Placing beads in knitting can be done in two ways, one way is stringing the beads onto the yarn and then working them into the stitch. I'm not a huge fan of this method since I think it is hard on the yarn to pass thousands of beads down it's length while knitting. I also find that it slows down my knitting considerably, and inevitably I have to add more beads which means cutting the yarn and threading more on, no thanks!
For the Samarran shawl I use the other method which is to place the bead onto a stitch using a very tiny crochet hook. The size of hook that I am using is a 0.75mm hook and it works well for Size 6 beads.
Using a crochet hook to add the beads means that the beads sit neatly on both legs of the stitch. The beads follow the direction that the stitch is worked in and are more centered and secure on the stitch. Placing the beads with a crochet hook also means no wasted time pre-stringing beads, you can start knitting right away and just add beads as you knit.
This method of placing the bead requires you to work the stitches as indicated by the chart (or written if you prefer to follow the written directions) and then place the bead.
To place a bead on a regular knit stitch, begin by knitting the stitch.
'Load' a bead onto the crochet hook.
Insert the hook into the stitch, and remove it from the knitting needle.
With tension on the stitch and using your finger tip slip the bead from the hook onto the stitch.
The alpaca is fuzzy enough that the stitch with bead is pretty solid, if using a smoother yarn keeping tension on the stitch with the crochet hook will help keep the bead on.
Replace the stitch back onto the right knitting needle, you already worked the stitch so it is now officially finished.
If your bead is placed on a decrease then work the decrease as indicated, and then follow the steps to place a bead onto the decrease.
Tips for adding beads to a stitch pattern:
- If you are adding beads to an already existing pattern then one of the most attractive spots to add them is onto a decrease.
- Try highlighting the decreases you want to add beads to on the chart, then squint your eyes and see if the arrangement looks pleasing.
- Adding beads directly above each other on stacked decreases every RS row results in a LOT of beads in one area, that might be what you are looking for.
- You can count the number of beads worked in one repeat of your chart and multiply that by the number of chart repeats to estimate your bead number needs.
- Size 6 Toho beads are a great size for lace and fingering weight, TOHO is a brand that makes very consistent sizes of beads with openings that are about 98% accurate (and fit the crochet hook).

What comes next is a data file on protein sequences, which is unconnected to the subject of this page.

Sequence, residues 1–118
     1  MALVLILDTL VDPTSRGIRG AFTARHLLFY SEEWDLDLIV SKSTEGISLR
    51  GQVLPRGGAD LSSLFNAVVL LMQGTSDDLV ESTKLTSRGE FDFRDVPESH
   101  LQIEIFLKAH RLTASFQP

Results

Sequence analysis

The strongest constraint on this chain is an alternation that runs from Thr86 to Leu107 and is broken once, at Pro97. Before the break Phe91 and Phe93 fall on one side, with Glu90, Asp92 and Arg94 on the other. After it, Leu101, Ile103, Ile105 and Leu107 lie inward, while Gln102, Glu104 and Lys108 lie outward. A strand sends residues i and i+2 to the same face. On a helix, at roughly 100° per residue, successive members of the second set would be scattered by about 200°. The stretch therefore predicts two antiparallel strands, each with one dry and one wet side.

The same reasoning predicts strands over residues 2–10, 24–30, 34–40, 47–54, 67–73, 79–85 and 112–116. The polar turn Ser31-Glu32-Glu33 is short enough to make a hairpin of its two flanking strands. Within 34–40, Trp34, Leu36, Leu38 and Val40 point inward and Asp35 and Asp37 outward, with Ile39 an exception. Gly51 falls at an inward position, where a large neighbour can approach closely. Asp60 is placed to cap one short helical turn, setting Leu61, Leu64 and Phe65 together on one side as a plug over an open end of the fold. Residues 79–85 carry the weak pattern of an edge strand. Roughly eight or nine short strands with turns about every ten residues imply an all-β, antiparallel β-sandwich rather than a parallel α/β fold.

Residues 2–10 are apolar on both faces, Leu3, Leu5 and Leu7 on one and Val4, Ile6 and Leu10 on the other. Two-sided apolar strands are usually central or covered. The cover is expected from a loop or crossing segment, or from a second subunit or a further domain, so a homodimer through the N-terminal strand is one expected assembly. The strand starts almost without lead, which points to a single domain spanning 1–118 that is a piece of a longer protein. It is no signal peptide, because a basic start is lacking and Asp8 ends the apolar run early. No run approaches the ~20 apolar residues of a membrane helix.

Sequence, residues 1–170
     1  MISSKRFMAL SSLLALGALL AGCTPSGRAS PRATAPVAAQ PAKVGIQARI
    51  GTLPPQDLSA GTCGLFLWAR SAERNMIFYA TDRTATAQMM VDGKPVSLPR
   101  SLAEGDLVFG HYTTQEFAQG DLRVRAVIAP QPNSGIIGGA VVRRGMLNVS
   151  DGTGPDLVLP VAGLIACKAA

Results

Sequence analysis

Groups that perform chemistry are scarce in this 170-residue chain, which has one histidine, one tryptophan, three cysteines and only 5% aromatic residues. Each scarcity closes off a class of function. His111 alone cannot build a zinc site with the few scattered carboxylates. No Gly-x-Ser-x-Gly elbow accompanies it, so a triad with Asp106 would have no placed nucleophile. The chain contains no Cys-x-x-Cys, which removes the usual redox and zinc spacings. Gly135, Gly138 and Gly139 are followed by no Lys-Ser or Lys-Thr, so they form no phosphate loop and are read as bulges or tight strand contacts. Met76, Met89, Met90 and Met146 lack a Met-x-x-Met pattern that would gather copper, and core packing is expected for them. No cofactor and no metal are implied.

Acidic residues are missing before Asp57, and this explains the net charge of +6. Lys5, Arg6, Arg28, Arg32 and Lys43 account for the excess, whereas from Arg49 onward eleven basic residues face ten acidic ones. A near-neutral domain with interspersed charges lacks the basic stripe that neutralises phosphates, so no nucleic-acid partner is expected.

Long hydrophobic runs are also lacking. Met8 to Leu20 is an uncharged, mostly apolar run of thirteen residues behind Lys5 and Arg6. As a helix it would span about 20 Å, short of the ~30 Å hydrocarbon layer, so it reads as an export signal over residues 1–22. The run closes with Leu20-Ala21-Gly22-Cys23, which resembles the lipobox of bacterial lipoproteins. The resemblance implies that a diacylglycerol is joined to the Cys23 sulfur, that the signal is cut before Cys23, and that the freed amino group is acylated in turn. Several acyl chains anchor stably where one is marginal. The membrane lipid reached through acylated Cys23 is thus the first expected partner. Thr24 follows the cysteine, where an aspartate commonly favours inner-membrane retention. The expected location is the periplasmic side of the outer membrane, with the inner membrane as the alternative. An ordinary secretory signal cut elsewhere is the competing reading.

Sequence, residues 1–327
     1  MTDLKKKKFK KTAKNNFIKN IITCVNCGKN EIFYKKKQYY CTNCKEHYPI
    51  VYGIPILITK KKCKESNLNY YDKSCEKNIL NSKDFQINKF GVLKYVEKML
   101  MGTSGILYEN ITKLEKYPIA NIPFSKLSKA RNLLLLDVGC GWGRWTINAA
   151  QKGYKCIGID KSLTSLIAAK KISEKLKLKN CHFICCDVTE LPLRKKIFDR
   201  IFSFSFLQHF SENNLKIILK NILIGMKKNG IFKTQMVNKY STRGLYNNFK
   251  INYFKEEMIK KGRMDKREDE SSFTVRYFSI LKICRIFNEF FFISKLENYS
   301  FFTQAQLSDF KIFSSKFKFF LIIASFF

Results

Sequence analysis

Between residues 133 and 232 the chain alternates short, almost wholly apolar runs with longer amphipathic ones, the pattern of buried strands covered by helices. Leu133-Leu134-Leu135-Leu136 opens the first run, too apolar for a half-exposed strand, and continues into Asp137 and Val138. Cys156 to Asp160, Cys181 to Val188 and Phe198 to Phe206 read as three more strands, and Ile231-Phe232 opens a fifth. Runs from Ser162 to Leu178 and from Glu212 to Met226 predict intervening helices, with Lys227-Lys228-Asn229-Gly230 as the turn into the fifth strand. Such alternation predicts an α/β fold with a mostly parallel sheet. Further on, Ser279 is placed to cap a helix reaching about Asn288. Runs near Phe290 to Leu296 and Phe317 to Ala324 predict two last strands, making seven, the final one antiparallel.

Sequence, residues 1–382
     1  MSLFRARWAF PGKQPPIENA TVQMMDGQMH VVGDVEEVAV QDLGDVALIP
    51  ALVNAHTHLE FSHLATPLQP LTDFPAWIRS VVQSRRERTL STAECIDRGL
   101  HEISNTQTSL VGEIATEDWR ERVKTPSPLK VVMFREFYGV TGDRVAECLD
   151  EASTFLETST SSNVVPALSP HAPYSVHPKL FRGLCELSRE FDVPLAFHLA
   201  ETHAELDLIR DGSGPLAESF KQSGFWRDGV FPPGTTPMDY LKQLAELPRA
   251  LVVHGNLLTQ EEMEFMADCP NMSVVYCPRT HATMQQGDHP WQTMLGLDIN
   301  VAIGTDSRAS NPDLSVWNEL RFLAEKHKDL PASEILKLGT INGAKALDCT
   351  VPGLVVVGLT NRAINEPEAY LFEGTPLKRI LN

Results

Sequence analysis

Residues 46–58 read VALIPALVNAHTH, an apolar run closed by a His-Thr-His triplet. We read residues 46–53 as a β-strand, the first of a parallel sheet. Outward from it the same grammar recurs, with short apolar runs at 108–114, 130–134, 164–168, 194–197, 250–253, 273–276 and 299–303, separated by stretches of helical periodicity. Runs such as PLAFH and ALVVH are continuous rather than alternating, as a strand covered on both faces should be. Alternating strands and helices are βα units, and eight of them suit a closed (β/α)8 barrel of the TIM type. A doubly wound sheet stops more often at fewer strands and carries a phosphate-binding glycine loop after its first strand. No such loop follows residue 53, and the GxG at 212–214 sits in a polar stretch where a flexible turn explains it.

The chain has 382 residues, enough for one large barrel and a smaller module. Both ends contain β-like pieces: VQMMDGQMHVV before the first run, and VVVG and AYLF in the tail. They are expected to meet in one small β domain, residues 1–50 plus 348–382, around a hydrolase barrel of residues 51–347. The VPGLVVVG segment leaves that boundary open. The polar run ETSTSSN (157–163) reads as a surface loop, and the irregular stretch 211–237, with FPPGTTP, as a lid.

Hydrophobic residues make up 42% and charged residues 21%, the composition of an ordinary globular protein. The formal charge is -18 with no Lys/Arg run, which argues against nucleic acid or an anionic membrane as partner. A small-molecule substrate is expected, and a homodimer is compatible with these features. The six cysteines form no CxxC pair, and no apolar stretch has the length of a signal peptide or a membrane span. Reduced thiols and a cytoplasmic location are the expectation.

- I like to purchase beads from www.artbeads.com since they have a great selection.
- Don't have a crochet hook? You can also add beads to your stitches with these flossing threaders, just split the threader open insert into the stitch and thread through the bead.
Check out the Samarran Shawl: a perfect pattern to try beads on!
I love knitting lace, I don't do as much of it as I would like to but when I can really get into a project I am so very happy. Lately I have been really enjoying patterns with the combination of a large area that has a simple repeat, and then a small area with that 'wow' factor which of course is a bit more involved. I love being able to work through the simple repeat section that has enough going on to keep me interested but not so much that I have to pause the show. And then finish it all off with the striking border, or edging or whatever it might be.
Samarran was designed with this 'recipe' in mind, it has a center section with an 8 row repeat. Some of the wrongside rows are worked as knit rows for an extra little touch of texture but mostly the pattern is a simple diagonal lace pattern. Then when the center is complete you pick up stitches (and place held stitches onto holders) to work the border in the round.
Increases are worked in the corner sections using the same pattern as the middle area, and the remaining stitches are worked in a graphic and romantic design that has a series of ovals finished with points. The sample is worked with 3 skiens of Alpaca Prima from Plymouth Yarn Company, this fingering weight yarn was a dream to work with and the slight halo from the alpaca fiber almost makes the shawl seem like is glowing.
There are a few beads in the border, not enough to overwhelm but just enough to highlight the aspects of the lace pattern and give a bit of sparkle and weight to the design.